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Author Topic: How is "not condition1 and condition2" evaluated?  (Read 2774 times)

Kays

• Full Member
• Posts: 181
• Whasup!?
Re: How is "not condition1 and condition2" evaluated?
« Reply #15 on: July 12, 2019, 11:49:30 pm »
[…] See here: https://en.wikipedia.org/wiki/Order_of_operations
These operators differ in weight.
Yeah, I knew that, I simply never called it “weight” (and neither did the Wikipedia authors). For me weight is a concept from physics.
Boolean operators do not have a defined precedence, they are all equal and their evaluation by the compiler is left to right.
Huh??? That surprises me, though. Boolean operators are obviously mentioned in the precedence table in chapter “expressions” of the reference manual, are they not?
Yours Sincerely
Kai Burghardt

lucamar

• Hero Member
• Posts: 2017
Re: How is "not condition1 and condition2" evaluated?
« Reply #16 on: July 13, 2019, 01:08:36 am »
Huh??? That surprises me, though. Boolean operators are obviously mentioned in the precedence table in chapter “expressions” of the reference manual, are they not?

IIRC, those mentioned in that table are not the boolean operators but the bitwise (logical) ones. I may be wrong, though.
Turbo Pascal 3 CP/M - Amstrad PCW 8256 (512 KB !!!)
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Kays

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• Posts: 181
• Whasup!?
Re: How is "not condition1 and condition2" evaluated?
« Reply #17 on: July 13, 2019, 01:45:54 am »
[…] IIRC, those mentioned in that table are not the boolean operators but the bitwise (logical) ones. I may be wrong, though.
Yeah, I had that idea, too, but that isn’t plausible, § Boolean operators: “Boolean operators can be considered as logical operations on a type with 1 bit size.” Ergo, you can just ignore the fact Pascal defines a dedicated Boolean data type and treat everything as integers, just as C does. The operator precedence table retains its validity.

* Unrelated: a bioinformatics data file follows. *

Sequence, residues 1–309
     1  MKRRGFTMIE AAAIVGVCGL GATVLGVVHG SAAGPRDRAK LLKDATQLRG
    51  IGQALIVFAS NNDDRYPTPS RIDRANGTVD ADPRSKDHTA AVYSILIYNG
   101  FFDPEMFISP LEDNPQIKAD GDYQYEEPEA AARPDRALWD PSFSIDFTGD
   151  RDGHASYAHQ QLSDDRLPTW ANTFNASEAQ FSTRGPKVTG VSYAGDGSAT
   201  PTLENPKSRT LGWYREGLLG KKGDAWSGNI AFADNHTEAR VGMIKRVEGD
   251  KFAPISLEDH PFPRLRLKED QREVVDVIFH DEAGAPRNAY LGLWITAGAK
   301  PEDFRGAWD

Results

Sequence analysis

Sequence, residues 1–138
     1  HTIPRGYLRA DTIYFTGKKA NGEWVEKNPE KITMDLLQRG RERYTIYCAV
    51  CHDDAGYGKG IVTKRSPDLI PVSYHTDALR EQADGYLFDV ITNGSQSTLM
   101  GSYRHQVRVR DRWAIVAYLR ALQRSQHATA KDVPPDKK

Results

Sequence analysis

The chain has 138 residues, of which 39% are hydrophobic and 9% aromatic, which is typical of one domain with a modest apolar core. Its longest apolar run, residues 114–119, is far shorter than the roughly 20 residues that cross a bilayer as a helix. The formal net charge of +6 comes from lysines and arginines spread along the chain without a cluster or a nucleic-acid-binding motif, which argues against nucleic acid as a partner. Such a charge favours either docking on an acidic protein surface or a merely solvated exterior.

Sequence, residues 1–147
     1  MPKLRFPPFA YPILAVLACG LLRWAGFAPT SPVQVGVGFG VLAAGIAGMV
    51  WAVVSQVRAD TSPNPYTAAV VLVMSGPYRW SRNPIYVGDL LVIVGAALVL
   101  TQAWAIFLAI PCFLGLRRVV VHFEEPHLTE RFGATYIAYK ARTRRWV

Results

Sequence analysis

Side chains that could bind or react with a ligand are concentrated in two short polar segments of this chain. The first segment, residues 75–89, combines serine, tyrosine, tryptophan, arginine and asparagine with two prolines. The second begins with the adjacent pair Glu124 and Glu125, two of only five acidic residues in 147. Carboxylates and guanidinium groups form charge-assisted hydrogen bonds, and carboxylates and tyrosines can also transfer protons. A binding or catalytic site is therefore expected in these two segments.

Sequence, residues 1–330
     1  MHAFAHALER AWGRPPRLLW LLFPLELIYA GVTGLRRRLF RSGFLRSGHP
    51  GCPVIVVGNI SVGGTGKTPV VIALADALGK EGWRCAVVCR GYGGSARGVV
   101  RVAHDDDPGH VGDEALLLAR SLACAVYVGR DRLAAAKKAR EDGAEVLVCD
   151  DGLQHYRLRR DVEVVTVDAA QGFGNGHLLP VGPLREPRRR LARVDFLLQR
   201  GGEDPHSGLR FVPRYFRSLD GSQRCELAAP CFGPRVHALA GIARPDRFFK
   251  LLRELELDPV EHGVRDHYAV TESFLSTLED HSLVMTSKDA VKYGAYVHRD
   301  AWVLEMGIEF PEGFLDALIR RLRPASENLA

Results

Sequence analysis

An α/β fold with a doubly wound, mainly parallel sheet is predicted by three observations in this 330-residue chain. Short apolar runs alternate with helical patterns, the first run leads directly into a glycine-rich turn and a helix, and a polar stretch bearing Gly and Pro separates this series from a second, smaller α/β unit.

PS: The documented operator precedence is concordance with ISO 7185.
« Last Edit: July 13, 2019, 02:06:23 am by Kays »
Yours Sincerely
Kai Burghardt

• Hero Member
• Posts: 8901
Re: How is "not condition1 and condition2" evaluated?
« Reply #18 on: July 13, 2019, 09:58:10 am »
I was a bit unclear myself: re-read my posts and replace Boolean with logical. That should suffice.
Most people that want to use threading should learn to patch their jeans first: use a needle.

BrunoK

• Full Member
• Posts: 181
• Retired programmer
Re: How is "not condition1 and condition2" evaluated?
« Reply #19 on: July 13, 2019, 12:07:21 pm »
Whatever the rules,
Code: Pascal  [Select]
1.   if (b1 or b2) = b3 then
2.
3.   if b3 = (b2 or b1) then
4.
parentheses to explicit the test precedence helps maintenance.

As a not 'superior logical' programmer it is how I have written those type of multi conditions for the last 30 years.
Lazarus trunk r. 59978/03.01.2019 (+/- patches regarding enabled, TScrollBar, TCursorImage). FPC 3.0.4 32 bits. (+heaptrc with leaked ClassName+Revisited TList) , Windows 10 Pro x64 (v. 1903)

glorfin

• Jr. Member
• Posts: 61
Re: How is "not condition1 and condition2" evaluated?
« Reply #20 on: July 14, 2019, 02:02:42 am »
a and not b will negate b.
This is perfectly unclear statement.
Obviously, here "a" will be evaluated, if it is false, no further processing continues and "false" is returned, because FPC, as far as I remember, uses lazy evaluation.
If "a" is true, it evaluates "not b"; if "not b" is false, it stops with "false" as result, otherwise "and" is evaluated and "true" returned.

Obviously, this is much more than just negation of b.
So, what did you want to say apart from being arrogant, as usually, is not clear.

glorfin

• Jr. Member
• Posts: 61
Re: How is "not condition1 and condition2" evaluated?
« Reply #21 on: July 14, 2019, 02:09:19 am »
The net result is to make it look as if it had precedence, but it isn't really so.
If it always looks like it has precedence, maybe it is more simple to say that it has precedence?

lucamar

• Hero Member
• Posts: 2017
Re: How is "not condition1 and condition2" evaluated?
« Reply #22 on: July 14, 2019, 04:05:09 am »